Tuesday, November 14, 2017

98:120 Last Call at the Last Chance by Seanan McGuire

Emma has been dead and running the Last Dance Diner for a long time. She generally keeps her cool and helps those who are ready to move on their way but tonight there is a customer who deserves no hospitality. Bobby Cross kidnapped her the last time she saw him and she is not the forgiving type. Tonight Bobby swears he won't do anything like that but when he pulls a gun out to make her and some of her guests play cards with him, the stakes are there anyway.

I think Ms. McGuire's ghost universe is so well done with the different types of ghosts and I look forward to reading more about them.

Page count: 17p/18,369p ytd/289,722p lifetime

97:120 Kidnapped by Robert Louis Stevenson

David Balfour had led a fairly sheltered life so it was surprising to him when his parents died that his uncle instead of taking him in as family should rightfully do instead sold him off to a ship bound for another land. When the ship takes on another passenger, Alan, and David hears of plans to kill that passenger for his money, he decides to take a stand with Alan and together they are able to defeat the leaders but then end up shipwrecked on the rocks in a part of Scotland that David is unfamiliar with and where Alan is a wanted man. David must follow the clues to find Alan and a way home through Scotland with his head still intact. Much easier said than done.

Read this for a high school English class with my 16yr old as part of his Hero's Journey studies. The story was fairly simple but I will admit that a bit more knowledge of the revolution that was going on in Scotland and England at the time would have helped me understand more of the characters interactions better I think.  Reading the Scottish brogue was not my son's favorite part and I'm thankful to have enough of an acquaintance with it that I didn't find it distracting from the story. 

Page count: 217p/18,352p ytd/289,705p lifetime

Saturday, November 11, 2017

96:120 Practically Married by Faye Larson

Many single people put their best friends down as their emergency contacts so Martin thought nothing of having Sawyer down as his. What he didn't expect was to wake up in the hospital with Sawyer in the room talking to the nurse about the fact that Martin was now missing his appendix and they are engaged. Apparently that was easier for the hospital to understand when Sawyer showed up after being called so now Martin is living at Sawyer's home while he mends and is trying to figure out how he is going to pay off this new medical bill. What he didn't expect was just how nice it would be and how much he didn't actually know about his best friend.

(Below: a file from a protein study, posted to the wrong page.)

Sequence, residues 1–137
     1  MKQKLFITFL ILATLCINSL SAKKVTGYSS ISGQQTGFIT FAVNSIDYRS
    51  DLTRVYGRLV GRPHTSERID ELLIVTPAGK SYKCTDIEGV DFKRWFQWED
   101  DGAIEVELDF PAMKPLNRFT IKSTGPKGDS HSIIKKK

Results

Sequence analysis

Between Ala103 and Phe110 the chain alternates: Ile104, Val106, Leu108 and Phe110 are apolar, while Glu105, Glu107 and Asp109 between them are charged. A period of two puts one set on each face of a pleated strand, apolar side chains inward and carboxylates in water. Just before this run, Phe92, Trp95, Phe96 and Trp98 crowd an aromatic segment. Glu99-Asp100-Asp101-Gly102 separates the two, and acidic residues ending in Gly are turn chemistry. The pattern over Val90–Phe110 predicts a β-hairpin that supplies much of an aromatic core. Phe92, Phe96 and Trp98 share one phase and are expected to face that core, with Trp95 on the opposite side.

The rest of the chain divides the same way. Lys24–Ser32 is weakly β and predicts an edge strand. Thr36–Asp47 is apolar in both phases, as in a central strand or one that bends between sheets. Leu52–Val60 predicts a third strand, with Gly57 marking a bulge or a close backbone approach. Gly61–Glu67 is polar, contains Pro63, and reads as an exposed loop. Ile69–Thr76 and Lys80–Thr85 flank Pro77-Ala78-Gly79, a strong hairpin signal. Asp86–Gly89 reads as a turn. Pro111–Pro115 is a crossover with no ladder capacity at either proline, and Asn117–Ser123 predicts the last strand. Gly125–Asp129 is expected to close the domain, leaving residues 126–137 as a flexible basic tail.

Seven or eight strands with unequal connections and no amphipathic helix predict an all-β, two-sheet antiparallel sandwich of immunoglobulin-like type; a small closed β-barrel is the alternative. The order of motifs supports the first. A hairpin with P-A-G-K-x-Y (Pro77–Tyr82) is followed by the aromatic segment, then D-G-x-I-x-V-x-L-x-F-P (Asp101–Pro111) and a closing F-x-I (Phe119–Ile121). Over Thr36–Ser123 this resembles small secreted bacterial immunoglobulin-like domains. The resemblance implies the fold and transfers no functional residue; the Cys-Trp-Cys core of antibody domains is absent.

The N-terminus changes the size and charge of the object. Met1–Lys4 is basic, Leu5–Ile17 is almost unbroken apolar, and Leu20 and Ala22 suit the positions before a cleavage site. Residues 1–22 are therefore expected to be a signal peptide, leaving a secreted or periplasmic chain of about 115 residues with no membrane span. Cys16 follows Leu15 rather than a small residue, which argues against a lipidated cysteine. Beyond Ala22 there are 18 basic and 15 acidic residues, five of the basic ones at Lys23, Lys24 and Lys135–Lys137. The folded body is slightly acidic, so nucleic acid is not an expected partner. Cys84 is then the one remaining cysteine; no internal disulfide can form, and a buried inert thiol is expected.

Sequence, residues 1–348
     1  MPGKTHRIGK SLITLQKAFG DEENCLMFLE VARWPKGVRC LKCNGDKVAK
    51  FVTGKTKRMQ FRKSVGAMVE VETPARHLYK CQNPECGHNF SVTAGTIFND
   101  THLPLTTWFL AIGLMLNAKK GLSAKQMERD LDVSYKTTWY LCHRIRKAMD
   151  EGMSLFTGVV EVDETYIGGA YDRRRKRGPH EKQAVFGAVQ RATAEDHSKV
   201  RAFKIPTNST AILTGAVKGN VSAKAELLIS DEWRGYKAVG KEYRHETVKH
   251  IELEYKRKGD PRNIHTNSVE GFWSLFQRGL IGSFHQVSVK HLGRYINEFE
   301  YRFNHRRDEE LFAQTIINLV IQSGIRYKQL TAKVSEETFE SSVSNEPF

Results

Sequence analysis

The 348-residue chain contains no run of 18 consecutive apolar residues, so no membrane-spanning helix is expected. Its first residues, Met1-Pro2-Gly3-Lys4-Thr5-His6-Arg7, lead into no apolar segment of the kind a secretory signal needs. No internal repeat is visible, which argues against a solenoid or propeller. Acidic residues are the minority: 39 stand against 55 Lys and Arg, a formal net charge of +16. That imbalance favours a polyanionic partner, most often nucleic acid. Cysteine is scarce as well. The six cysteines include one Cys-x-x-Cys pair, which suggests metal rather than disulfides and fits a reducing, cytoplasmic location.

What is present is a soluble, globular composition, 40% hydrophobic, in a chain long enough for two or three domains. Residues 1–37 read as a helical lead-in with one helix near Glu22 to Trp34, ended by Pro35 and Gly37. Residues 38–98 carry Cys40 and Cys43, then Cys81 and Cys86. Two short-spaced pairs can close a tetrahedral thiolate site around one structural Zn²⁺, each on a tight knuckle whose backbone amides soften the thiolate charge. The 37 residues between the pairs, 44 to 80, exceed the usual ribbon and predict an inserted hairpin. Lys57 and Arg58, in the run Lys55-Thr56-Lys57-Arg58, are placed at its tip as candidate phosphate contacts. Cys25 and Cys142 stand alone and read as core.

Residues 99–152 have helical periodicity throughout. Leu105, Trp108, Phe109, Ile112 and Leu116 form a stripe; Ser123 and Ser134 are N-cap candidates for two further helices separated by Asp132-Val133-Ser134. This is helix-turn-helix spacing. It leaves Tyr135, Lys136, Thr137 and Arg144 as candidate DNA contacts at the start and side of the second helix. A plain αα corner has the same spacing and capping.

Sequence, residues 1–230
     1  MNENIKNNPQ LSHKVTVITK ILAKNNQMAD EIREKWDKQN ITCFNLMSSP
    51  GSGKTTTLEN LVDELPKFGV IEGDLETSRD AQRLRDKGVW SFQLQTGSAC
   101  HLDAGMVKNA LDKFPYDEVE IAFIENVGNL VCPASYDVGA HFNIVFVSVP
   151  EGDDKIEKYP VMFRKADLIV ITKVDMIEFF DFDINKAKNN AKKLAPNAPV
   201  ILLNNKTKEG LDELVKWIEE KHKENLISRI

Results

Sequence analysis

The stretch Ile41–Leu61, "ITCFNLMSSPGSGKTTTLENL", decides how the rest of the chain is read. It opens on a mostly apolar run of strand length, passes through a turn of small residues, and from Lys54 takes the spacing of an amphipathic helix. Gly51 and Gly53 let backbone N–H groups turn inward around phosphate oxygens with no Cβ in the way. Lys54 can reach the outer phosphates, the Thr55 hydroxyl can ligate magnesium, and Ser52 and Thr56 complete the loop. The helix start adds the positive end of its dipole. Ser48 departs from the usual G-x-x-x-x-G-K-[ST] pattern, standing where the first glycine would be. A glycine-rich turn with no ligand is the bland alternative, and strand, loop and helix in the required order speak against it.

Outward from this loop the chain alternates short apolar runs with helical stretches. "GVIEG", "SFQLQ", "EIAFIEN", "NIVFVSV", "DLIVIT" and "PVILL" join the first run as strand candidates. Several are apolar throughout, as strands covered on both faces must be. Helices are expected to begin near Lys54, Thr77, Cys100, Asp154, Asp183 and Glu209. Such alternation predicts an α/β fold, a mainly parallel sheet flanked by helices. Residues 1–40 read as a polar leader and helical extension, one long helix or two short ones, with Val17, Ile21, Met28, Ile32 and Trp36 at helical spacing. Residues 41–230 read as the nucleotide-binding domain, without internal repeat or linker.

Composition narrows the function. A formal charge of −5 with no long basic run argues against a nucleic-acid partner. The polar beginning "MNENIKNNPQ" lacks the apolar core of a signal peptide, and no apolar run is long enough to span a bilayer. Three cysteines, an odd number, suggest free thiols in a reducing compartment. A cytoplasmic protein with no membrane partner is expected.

A cute little tale about how we don't always see what's right in front of our faces. Character development is pretty much on par with what you would expect for a short story and there is a little much reliance on repetitious internal dialog for my taste but overall, it was enjoyable way to spend 30min.  My usual disclaimer, I know the author and was given a copy of this book for free with no expectations

Page count: 89p/18,135p ytd/289,488p lifetime

Thursday, November 9, 2017

95:120 The Little Prince by Antoine de Saint-Expurey

A pilot is stranded in the desert when he wakes one morning to find this strange little fellow who asks the most extraordinary questions and has the most amazing tale to tell of his little planet with it's three volcanoes (although one is extinct) where he can see the sun set so many times in one day and he has one perfect little flower with four thorns. He asks the pilot to draw him a sheep even though the pilot says he can only draw boa constrictors digesting an elephant. But the little fellow thinks the drawing is perfect and then starts telling all about his journey to Earth and all the other planets he visited and how they all had adults doing adult things who didn't listen or understand. Slowly, understanding dawns on the pilot and he starts realizing there is more to this little fellow (and life) than he originally thought.